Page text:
MHG2614 - Cemetery, Cille-Chuimein


No summary available.

Type and Period (1)

  • CEMETERY (Early Medieval to 19th Century - 561 AD to 1900 AD)

Protected Status

  • None recorded

Full Description

Cille-Chuimein (Burial Ground) (NAT)

OS 6"map, Inverness-shire, 2nd ed., (1904)


'Inverness District West Monumental Inscriptions', pre 1855

Monumental inscription survey completed by Alastair G Beattie & Margaret H Beattie . The survey may not include inscription information after 1855 and each inscription transcribed does not give the full details that appear on the stones, abbreviations used. Some ommissions and inacuraciesmay be encountered. First published 1993, reprinted 1994.

This large burial ground near Fort Augustus has only a very small bit of wall that might be the remains of a church that once stood here. It has, however, many more inscribed stones dating from the 18th and early 19th centuries than is common in this area thanks to the influence of the incomers associated with the Fort. Kilchuimen was the name of the nearby village before the Fort, after which it is now named, and built.

J Aitken : 20/12/02


A grave yard, about 200 years old; people are still interred in it. The oldest tomb stone in it is about 170 years old. There was never a church in or nearer it than the Church of Fort Augustus (about 1 mile away). Its name originated from a chief of the Cummin or Comyns being buried there.

Name Book 1871

This grave yard is still in use, and contains grave stones dating back to the early 18th century. There are no traces of a church.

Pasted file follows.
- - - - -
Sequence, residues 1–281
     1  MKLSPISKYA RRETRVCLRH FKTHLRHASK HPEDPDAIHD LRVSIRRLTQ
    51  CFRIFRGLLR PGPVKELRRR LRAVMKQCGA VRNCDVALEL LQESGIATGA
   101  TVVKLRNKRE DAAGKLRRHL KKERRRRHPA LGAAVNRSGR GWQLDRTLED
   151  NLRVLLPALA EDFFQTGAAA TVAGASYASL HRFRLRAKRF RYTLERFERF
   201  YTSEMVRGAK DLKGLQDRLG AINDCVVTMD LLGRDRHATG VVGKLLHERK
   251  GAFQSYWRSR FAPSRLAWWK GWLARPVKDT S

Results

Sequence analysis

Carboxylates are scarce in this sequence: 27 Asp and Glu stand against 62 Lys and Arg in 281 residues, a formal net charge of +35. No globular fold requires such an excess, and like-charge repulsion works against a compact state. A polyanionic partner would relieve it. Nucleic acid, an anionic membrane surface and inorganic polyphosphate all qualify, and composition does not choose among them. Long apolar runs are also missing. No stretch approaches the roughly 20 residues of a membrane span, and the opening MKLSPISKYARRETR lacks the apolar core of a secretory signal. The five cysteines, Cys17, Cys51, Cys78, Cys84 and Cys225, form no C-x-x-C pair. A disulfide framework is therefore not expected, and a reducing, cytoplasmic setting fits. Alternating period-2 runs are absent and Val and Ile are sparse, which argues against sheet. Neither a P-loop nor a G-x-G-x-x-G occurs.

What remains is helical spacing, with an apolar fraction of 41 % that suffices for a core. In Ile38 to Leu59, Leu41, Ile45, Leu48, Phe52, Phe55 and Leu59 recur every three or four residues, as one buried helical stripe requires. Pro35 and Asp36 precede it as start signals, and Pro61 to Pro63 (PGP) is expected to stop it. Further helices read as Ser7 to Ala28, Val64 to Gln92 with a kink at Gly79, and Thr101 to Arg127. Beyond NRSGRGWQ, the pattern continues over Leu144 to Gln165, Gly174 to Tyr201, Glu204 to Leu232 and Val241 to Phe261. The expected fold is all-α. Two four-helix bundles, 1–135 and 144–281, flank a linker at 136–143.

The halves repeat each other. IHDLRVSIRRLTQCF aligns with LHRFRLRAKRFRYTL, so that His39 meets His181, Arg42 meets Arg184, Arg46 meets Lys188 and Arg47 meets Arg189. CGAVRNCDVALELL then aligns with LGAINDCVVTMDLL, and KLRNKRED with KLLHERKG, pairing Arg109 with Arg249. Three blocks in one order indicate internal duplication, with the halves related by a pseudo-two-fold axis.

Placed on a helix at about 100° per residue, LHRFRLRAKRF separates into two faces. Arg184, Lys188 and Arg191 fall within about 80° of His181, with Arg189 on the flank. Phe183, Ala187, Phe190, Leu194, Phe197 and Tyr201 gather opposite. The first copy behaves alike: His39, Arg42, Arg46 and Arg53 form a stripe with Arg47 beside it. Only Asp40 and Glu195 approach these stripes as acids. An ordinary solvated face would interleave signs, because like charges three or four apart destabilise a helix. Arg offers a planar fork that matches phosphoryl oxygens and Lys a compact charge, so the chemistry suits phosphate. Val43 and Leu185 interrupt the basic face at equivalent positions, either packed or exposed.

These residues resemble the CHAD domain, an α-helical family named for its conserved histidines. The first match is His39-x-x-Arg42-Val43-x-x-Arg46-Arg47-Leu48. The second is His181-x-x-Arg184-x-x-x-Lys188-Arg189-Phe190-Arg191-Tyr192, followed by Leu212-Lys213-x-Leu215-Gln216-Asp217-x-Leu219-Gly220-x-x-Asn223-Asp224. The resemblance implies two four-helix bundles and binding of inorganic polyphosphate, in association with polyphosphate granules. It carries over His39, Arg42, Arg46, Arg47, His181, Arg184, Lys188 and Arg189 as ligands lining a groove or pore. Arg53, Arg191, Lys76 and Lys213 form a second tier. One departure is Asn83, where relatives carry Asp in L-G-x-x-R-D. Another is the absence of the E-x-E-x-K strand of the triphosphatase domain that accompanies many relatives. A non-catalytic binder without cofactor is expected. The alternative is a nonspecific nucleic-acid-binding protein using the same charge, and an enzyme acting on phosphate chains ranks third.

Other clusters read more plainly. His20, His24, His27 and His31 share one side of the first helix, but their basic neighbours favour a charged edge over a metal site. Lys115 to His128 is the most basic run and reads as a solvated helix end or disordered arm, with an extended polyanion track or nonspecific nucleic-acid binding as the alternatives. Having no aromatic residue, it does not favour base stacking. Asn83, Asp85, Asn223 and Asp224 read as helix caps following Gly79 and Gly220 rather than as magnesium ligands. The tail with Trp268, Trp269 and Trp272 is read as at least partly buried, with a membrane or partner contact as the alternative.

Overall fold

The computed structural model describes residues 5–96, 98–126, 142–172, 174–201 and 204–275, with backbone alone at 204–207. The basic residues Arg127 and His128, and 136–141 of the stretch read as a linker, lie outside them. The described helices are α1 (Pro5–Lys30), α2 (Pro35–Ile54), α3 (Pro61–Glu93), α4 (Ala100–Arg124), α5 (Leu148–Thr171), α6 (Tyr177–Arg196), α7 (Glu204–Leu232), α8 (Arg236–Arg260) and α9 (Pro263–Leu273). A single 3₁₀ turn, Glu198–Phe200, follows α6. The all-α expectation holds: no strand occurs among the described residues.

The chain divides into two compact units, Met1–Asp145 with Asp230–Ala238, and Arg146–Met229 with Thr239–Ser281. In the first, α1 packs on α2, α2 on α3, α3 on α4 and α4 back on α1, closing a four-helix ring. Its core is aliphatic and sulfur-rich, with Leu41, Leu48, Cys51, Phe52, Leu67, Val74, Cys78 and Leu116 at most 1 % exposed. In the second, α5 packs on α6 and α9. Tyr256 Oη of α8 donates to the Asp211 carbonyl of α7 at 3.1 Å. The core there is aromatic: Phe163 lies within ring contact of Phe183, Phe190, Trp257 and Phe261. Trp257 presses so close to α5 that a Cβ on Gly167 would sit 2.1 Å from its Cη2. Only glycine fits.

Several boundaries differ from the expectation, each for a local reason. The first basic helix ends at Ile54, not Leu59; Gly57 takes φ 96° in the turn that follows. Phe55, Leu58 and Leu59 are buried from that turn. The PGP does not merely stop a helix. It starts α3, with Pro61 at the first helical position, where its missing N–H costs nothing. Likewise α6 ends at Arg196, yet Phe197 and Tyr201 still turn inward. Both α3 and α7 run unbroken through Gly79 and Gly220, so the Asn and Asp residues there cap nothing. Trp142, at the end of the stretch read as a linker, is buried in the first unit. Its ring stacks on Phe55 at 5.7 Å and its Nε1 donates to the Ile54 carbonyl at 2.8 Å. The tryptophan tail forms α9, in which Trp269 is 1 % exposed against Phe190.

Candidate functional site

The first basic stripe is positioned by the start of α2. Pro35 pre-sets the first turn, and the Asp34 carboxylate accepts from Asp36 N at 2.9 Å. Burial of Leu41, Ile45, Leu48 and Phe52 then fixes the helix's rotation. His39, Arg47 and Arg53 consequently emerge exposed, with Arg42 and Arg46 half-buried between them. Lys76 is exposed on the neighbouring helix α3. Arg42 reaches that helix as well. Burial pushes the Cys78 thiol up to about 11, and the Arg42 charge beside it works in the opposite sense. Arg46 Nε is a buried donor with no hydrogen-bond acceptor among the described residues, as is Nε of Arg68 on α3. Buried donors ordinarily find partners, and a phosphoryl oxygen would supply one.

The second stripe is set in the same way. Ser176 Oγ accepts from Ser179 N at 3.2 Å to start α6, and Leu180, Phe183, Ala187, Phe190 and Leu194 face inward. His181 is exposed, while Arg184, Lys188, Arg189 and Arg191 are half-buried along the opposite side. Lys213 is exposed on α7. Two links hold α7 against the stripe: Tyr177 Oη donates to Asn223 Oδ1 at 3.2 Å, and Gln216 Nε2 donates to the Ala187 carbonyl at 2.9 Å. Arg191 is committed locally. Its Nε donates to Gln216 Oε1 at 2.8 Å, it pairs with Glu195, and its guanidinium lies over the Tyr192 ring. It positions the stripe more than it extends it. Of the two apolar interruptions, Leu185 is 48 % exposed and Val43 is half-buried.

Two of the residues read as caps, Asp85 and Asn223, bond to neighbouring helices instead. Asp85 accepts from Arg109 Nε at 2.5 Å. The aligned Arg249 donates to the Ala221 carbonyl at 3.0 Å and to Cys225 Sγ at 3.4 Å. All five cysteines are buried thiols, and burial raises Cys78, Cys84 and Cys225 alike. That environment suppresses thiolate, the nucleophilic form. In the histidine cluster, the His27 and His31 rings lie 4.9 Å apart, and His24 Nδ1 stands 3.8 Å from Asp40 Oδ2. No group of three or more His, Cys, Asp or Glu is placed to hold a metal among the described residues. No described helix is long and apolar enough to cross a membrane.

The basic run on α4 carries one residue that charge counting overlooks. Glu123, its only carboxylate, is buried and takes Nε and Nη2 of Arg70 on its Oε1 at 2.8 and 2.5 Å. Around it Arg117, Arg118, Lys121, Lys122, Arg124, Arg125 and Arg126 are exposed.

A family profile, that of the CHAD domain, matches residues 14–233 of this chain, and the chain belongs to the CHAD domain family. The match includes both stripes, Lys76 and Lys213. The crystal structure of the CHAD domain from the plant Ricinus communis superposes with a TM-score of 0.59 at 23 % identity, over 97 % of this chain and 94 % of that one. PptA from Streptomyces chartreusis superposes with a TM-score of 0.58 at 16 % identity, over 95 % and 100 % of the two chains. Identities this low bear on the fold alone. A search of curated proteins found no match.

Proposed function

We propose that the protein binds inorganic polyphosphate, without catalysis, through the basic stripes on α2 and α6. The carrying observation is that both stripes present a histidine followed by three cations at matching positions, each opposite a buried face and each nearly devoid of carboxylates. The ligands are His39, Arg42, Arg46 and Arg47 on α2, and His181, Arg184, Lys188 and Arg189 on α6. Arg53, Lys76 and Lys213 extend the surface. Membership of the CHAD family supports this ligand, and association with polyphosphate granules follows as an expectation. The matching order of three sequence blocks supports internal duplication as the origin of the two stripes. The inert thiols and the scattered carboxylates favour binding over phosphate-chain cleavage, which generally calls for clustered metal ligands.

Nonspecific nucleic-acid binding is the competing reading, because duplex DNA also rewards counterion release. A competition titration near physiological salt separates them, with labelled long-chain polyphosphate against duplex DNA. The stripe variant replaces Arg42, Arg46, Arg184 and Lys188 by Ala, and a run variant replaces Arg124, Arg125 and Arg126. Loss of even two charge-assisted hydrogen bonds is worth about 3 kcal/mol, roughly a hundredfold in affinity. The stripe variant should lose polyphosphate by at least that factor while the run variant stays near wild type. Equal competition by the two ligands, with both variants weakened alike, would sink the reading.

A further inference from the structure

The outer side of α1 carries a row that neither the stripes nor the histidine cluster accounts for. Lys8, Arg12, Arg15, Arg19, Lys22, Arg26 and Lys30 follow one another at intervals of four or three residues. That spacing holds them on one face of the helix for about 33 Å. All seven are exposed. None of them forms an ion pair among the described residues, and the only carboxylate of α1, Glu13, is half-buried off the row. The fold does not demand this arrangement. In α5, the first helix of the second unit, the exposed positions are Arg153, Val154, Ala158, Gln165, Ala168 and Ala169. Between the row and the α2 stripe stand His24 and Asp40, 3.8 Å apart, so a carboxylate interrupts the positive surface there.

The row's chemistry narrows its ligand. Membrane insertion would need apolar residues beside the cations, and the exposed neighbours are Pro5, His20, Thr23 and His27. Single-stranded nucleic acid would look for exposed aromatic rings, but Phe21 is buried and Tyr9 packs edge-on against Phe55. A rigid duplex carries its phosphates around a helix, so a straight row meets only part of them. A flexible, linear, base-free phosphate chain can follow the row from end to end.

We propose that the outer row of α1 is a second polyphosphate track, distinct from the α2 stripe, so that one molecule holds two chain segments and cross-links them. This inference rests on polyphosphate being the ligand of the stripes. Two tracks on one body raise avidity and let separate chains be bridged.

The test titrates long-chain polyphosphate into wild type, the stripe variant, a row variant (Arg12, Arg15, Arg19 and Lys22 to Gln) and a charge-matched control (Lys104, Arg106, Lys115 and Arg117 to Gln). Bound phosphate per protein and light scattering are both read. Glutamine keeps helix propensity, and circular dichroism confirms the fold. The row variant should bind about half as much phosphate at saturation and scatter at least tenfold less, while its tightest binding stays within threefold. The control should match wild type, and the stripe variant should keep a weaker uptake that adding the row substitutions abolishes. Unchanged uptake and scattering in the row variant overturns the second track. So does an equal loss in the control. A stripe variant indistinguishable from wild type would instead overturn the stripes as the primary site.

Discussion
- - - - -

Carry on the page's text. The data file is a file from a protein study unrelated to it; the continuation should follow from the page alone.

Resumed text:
Visited by OS (N K B) 28 April 1964

This burial ground bears a name which suggests the former existence of a church dedicated to Cummein, Abbot of Iona, who died in 669. His 'seat', 'Suidhe Chuimein' lies at NH 449 105. (W J Watson 1926)

The nearby village, now Fort Augustus, and the parish were both formerly named Kilchuimin, obviously from this site.

Until 1614 Kilchuimin was an independent parish (H Scott 1926), presumably with a parish church, but about 1630 there was no trace of a church in this graveyard, although the site is referred to as "ane Church toune". This, together with the finding of medieval cists at NH 379 089 (NH 30 NE 7), could suggest the moving of the church and graveyard to a more convenient spot in the medieval period, but with the old graveyard not falling completely out of use, and still retaining its former name.

W Macfarlane 1907

A photograph of the Smith memorial in this cemetery was submitted to the HER by Mary Garlick, a descendant of Sarah Smith nee McDonell. <1>

Photographs were contributed by Martin Briscoe via the Highland HER Flickr group.<2>

Sources/Archives (7)



Grid reference Centred NH 3781 0803 (84m by 92m) (2 map features)
Map sheet NH30NE
Geographical Area INVERNESS

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